Sacramento Sheriff Scott Jones has agreed to a settlement after a federal judge ruled a public figure cannot ban people from commenting on their Facebook page. The settlement announcement was made on Thursday afternoon. Jones was sued a year ago by two Sacramento area activists with Black Lives Matter and the Liberation Collective for Black Sacramento after he blocked them on what he calls his personal and political page.
The Sheriff will pay BLM Sacramento's Tanya Faison and Sonia Lewis with LCBS a total of $16,000 each, and he's agreed to establish social media policies protecting free speech on his Facebook account. He will also have to pay their legal fees, and he'll have to unblock all accounts from his Facebook page.
Jones said Thursday that there were several reasons for settling the case instead of letting it go to court. Not least of his concerns was the prolonged legal process that was likely due to affect on the California court system from the COVID-19 pandemic.
Both Faison and Lewis posted highly critical comments regarding the handling of use-of-force incidents at the Sacramento Sheriff's Office's and the Sheriff's actions to block public oversight of the investigation into the 2017 shooting death of an unarmed black man, Mikel McIntyre, by deputies on Highway 50 at Zinfandel Road in Rancho Cordova. Former Sacramento Police Chief Rick Braziel was also banned from commenting on Jones' Facebook page and prevented from entering the Sacramento Sheriff's Office after Braziel issued a damning report on the McIntyre incident.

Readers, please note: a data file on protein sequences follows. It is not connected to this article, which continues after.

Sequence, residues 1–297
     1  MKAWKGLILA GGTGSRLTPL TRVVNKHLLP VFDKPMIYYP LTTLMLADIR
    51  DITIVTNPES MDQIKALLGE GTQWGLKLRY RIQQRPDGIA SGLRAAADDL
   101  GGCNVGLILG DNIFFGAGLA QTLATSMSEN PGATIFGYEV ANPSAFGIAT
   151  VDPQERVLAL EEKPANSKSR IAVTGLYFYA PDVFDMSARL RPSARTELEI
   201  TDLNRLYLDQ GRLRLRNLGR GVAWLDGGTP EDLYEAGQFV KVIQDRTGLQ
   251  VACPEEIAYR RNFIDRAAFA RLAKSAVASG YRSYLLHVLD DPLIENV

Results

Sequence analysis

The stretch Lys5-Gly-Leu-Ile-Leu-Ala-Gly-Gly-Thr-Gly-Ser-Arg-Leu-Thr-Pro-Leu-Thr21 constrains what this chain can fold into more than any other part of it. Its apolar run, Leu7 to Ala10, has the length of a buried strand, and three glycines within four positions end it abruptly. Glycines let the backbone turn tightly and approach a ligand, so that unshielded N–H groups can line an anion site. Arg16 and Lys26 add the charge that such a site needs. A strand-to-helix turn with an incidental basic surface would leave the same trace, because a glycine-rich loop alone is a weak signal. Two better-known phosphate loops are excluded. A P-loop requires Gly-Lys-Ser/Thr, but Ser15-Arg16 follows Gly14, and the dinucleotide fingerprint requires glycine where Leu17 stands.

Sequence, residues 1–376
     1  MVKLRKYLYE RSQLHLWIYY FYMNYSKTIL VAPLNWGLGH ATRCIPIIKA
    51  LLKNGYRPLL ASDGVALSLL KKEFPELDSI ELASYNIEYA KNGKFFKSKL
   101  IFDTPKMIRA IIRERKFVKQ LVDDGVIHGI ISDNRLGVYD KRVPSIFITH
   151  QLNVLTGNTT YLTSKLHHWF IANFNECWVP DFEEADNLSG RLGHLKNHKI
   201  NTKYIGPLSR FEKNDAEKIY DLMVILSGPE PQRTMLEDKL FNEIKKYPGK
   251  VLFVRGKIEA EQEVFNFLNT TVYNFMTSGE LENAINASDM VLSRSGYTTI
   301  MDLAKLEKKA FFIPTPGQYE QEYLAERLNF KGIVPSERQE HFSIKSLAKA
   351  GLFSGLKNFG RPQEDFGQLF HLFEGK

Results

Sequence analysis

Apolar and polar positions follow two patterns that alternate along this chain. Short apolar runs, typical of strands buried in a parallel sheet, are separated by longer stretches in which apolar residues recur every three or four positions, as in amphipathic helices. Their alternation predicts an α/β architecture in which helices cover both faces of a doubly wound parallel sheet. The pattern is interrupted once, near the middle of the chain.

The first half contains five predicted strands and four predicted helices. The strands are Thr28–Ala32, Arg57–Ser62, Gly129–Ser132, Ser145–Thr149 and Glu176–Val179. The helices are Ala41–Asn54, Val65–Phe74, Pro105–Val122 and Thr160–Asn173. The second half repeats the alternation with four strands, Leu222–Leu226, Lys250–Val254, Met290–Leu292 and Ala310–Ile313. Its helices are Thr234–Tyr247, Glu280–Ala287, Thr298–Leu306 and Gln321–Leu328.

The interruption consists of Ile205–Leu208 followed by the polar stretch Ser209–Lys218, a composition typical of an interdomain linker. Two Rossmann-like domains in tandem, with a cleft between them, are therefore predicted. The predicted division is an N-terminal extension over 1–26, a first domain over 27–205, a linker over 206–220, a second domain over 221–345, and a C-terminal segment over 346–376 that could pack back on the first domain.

McIntyre was hit by multiple bullets while trying to run away following an attack on the deputies with large river rocks, and at least one of the deputies sustained a head injury during the assault. McIntyre was reportedly suffering from mental illness at the time.
The settlement comes on the same day that sheriff’s office officials were forced to release footage of the shooting in response to a legal challenge by the Sacramento Bee. That video is available below.
Jones has repeatedly supported his deputies and insisted they did nothing wrong. That assessment was backed by the Sacramento County District Attorney, Anne Marie Schubert, who concluded the shooting was justified.